After Correction, MLPs Attractive Again [Halliburton Company, Baker Hughes Incorporated, Alerian MLP]

yieldMike Larson: Relatively high yields. Strong recent growth. Leverage to the domestic energy renaissance. There’s a lot to like about master limited partnerships, or MLPs.

But investors were having none of it over the past few months. They started selling in late summer, then dumped them like hotcakes in October.

Take the Alerian MLP ETF (AMLP), a benchmark sector ETF that rarely moves more than a couple nickels a day. It dropped 2.4 percent on Oct. 9, then a hefty 4.5 percent on Oct. 13.

Volatility exploded and the entire sector suffered its worst week since the debt-ceiling debacle in the summer of 2011. You probably remember that cratered the S&P 500 by almost 20 percent in a short period of time.

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But has anything really changed when it comes to the long-term fundamentals? I mean, we’re still talking about yields that beat the pants off of Treasuries. AMLP sports an indicated yield of around 6.1 percent, for instance, versus 2.3 percent for a 10-year Treasury Note.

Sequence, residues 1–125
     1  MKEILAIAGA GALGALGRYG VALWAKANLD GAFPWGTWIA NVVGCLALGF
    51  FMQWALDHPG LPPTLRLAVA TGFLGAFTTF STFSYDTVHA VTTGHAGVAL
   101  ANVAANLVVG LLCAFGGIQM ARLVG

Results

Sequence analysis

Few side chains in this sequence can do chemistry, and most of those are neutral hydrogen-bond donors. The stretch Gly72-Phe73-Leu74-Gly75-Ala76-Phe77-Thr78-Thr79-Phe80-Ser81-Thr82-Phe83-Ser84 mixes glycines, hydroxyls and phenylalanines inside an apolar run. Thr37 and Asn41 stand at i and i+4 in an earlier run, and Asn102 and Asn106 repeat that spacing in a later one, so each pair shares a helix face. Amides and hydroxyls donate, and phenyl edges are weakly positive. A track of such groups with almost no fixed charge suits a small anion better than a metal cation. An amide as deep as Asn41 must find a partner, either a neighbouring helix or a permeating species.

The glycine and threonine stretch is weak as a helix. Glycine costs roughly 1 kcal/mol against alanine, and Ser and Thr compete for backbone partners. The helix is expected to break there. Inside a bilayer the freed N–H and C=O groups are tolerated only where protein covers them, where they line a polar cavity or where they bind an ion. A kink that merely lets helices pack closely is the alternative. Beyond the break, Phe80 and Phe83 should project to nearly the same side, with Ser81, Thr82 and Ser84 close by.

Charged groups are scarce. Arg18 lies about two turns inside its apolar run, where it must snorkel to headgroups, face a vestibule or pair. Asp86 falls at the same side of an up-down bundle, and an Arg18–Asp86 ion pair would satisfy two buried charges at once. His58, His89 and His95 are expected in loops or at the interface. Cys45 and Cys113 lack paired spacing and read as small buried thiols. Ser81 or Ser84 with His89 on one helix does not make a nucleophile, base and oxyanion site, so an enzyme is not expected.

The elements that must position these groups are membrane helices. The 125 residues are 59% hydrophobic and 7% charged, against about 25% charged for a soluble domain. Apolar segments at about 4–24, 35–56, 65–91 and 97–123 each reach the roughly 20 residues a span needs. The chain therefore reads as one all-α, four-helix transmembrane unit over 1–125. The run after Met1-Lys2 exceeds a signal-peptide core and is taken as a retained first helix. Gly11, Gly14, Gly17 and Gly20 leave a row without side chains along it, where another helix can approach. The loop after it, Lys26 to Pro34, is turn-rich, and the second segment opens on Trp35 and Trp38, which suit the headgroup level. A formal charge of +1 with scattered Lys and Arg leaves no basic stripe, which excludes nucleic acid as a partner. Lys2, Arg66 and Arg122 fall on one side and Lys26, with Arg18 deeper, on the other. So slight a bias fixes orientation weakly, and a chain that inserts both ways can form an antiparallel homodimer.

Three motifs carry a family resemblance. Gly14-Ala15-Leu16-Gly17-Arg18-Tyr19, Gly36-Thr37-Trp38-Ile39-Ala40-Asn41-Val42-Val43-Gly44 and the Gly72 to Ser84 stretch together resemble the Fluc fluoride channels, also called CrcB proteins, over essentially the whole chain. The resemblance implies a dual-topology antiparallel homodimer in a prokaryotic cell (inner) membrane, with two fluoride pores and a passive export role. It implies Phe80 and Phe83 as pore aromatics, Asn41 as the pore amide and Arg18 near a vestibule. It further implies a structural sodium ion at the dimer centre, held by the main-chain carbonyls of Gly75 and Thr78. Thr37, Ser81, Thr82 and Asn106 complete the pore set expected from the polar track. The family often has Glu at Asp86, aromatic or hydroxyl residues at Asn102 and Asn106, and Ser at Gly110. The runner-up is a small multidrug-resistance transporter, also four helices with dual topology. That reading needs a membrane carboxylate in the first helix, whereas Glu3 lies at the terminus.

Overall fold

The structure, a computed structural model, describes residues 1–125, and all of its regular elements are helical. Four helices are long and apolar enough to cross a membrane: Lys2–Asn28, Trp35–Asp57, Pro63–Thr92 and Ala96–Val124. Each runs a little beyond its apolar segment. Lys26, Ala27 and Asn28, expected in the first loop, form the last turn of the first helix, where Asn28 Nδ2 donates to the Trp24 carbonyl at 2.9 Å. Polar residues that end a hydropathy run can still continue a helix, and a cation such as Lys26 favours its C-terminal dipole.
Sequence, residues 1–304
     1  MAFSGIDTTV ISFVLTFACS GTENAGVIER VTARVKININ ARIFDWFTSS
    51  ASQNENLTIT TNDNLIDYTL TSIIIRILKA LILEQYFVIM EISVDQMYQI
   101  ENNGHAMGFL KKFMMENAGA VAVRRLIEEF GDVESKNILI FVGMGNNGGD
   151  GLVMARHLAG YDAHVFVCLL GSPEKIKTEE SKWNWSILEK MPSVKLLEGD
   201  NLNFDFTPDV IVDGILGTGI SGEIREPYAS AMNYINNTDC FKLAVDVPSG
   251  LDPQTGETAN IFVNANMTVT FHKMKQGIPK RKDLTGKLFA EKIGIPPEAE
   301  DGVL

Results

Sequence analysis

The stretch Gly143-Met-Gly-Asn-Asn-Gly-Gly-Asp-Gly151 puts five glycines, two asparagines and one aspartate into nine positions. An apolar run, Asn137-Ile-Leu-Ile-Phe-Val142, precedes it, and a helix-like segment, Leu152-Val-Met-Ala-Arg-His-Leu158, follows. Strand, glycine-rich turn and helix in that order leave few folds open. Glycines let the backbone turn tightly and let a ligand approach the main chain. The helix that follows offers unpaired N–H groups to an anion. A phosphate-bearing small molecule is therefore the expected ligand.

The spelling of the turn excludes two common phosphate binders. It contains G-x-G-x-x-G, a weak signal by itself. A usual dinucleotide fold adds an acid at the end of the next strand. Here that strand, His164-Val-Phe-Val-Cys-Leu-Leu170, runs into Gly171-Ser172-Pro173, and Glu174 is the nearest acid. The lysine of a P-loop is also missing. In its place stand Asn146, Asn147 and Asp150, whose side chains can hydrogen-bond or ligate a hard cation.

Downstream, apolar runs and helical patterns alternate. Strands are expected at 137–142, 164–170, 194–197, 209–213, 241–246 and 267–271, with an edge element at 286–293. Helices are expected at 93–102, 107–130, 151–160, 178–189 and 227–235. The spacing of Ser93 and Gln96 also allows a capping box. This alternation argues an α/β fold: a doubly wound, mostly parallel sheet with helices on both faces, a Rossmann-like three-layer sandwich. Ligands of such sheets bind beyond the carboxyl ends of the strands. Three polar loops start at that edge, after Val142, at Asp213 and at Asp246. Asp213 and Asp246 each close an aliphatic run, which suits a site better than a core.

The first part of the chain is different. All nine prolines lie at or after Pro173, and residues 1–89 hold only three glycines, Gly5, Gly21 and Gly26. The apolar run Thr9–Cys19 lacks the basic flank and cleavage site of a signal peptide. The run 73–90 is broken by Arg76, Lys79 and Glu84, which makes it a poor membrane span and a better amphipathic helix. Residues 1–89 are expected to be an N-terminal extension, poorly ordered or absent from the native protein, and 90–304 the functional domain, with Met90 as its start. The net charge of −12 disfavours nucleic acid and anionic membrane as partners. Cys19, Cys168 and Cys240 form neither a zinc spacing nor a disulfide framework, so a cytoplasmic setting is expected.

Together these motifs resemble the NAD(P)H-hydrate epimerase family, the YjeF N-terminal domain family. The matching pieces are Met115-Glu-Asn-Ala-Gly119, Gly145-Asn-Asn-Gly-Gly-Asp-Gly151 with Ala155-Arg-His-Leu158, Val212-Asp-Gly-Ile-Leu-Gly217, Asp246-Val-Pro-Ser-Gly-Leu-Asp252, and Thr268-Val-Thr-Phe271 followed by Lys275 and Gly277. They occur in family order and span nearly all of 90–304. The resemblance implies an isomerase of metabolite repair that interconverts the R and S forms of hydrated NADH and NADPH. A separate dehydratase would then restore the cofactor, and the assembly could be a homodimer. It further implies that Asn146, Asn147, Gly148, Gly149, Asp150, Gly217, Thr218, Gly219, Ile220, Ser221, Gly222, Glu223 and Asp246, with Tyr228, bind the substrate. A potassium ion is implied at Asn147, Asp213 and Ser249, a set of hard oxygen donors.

Oil prices have declined, as I’ve mentioned before. But MLPs make money from transporting, storing and processing oil, natural gas, natural gas liquids and refined products — NOT from producing them. So it really doesn’t matter what a barrel of crude oil or million British Thermal Units of gas goes for. These companies still collect their “toll road” fees by helping get those energy products to market!

Winter is still more than a month away, but it may not feel like it.

That said, frigid weather across much of the Continental U.S. is helping spur a rally in gas prices.

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